Root and Branch Reconstruction: The Modern Transformation of U.S. Antitrust Law and Policy?

Innovation and Economic Growth and Competition Policy and Antitrust

Article Snapshot


William E. Kovacic


Antitrust Magazine, Vol. 35, No. 3, pp. 87-101, 2021


Advocates for the transformation of antitrust policy in the United States support the revival of egalitarian goals for enforcers. Reformers have gained in influence, but several factors will limit their impact.

Policy Relevance

Antitrust reformers should study history to better understand obstacles to reform.

Main Points

  • Some commentators advocate for a “root and branch” transformation of U.S. antitrust and competition policy, a movement that has gained influence in the last five years.
  • Three schools of thought dominate discussions of U.S. antitrust policy:
    • Traditionalists are skeptical of intervention except when it promotes consumer welfare.
    • Expansionists support more intervention to protect innovation and workers.
    • Transformation advocates support intensified enforcement to promote citizen welfare and egalitarian aims, goals once embraced in early Supreme Court decisions.
  • Transformation advocates' agenda includes:
    • More use of structural remedies.
    • More regulation of large digital platforms.
    • Criticism of past Department of Justice and Federal Trade Commission decisions.
  • The Global Financial Crisis that began in 2007 inflicted economic misery on millions and made U.S. economic and antitrust policy ripe for rethinking.
  • Transformation advocates depict those who developed traditional antitrust policy, such as Robert Bork, as incompetent or unethical; transformationists created a new community of scholars, legislators, public officials, and journalists to bypass the antitrust establishment.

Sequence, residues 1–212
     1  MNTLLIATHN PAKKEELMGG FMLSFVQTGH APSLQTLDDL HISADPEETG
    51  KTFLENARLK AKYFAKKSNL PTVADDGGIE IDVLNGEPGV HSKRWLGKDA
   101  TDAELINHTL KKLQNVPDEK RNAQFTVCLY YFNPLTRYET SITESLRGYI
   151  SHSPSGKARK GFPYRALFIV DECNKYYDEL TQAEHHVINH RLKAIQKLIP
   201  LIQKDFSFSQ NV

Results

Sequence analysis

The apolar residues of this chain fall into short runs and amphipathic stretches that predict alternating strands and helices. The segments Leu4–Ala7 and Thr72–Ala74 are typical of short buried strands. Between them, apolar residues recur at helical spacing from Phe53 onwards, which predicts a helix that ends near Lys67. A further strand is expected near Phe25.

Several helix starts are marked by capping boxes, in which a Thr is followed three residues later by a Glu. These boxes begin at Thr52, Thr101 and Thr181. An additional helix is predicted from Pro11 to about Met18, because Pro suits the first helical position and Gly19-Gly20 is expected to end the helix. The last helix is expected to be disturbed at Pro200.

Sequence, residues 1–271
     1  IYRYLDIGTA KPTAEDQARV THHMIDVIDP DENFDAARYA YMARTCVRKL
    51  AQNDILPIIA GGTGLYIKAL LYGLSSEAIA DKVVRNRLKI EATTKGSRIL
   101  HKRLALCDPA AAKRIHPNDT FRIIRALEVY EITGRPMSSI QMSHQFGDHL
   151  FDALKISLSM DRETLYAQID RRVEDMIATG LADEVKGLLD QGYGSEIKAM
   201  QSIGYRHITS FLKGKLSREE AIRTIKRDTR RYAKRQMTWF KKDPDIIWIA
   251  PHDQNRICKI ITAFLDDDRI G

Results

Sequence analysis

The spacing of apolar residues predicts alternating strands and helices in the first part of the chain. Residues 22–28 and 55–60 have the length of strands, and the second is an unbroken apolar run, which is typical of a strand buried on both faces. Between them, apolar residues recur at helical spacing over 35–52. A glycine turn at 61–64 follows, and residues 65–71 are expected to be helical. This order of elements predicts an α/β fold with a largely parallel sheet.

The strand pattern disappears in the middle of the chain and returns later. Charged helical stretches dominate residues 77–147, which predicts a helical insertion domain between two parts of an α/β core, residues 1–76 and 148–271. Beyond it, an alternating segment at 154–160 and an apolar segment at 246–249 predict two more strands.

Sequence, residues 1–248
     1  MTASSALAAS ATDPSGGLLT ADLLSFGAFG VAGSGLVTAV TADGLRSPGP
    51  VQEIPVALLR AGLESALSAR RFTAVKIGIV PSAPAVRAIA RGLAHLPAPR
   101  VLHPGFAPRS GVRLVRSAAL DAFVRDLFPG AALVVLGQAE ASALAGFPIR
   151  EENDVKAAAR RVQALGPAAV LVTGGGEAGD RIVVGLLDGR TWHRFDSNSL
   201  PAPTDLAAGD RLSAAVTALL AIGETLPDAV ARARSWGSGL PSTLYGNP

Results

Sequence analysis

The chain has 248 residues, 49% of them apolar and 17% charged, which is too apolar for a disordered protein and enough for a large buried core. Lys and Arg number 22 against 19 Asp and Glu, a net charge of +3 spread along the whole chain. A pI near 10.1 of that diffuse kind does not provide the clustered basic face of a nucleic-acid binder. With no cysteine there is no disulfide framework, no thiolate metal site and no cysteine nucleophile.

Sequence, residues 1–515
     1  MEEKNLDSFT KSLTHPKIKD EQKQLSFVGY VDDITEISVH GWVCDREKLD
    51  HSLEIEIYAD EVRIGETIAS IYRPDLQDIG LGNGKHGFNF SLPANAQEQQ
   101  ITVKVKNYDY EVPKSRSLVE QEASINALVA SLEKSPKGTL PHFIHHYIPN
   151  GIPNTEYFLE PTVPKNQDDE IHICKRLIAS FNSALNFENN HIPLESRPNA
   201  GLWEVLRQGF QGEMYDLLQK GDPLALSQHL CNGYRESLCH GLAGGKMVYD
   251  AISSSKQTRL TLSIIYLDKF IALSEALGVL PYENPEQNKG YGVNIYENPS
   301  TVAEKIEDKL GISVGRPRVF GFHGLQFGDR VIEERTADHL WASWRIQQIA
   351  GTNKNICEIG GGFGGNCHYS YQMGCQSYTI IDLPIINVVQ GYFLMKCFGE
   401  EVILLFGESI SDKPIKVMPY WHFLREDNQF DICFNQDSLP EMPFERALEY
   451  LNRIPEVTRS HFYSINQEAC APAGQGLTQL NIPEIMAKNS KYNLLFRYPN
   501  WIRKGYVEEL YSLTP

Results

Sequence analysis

• Some issues raised by transformation advocates will have lasting influence, including:
    • Attention to safeguards against capture of antitrust agencies by business interests.
    • Attention to evaluating past antitrust decisions and the history of antitrust policy.
  • Several factors will limit the influence of transformation advocates.
    • Advocates portray antitrust from the late 1930s to the 1970s as a Golden Age, despite the disappointment that pervades antitrust enforcers' assessments of the time.
    • Advocates ignore the arguments of Harvard scholars Areeda and Turner, who rejected egalitarian goals for antitrust because courts could not administer them coherently.
    • Advocates dismiss past antitrust agency efforts as useless; this will alienate agency staff, and undermine arguments that courts should defer to agencies’ judgment.
    • Advocates neglect the lessons of the collapse of the ambitious antitrust agenda of the Federal Trade Commission from 1969 to 1980.

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